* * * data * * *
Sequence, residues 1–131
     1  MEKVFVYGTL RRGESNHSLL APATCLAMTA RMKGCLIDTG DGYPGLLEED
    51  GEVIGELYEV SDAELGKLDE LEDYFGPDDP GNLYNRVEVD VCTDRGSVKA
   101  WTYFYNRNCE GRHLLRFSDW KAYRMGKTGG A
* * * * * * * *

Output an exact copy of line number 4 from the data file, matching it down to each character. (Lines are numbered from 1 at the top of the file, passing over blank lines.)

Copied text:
   101  WTYFYNRNCE GRHLLRFSDW KAYRMGKTGG A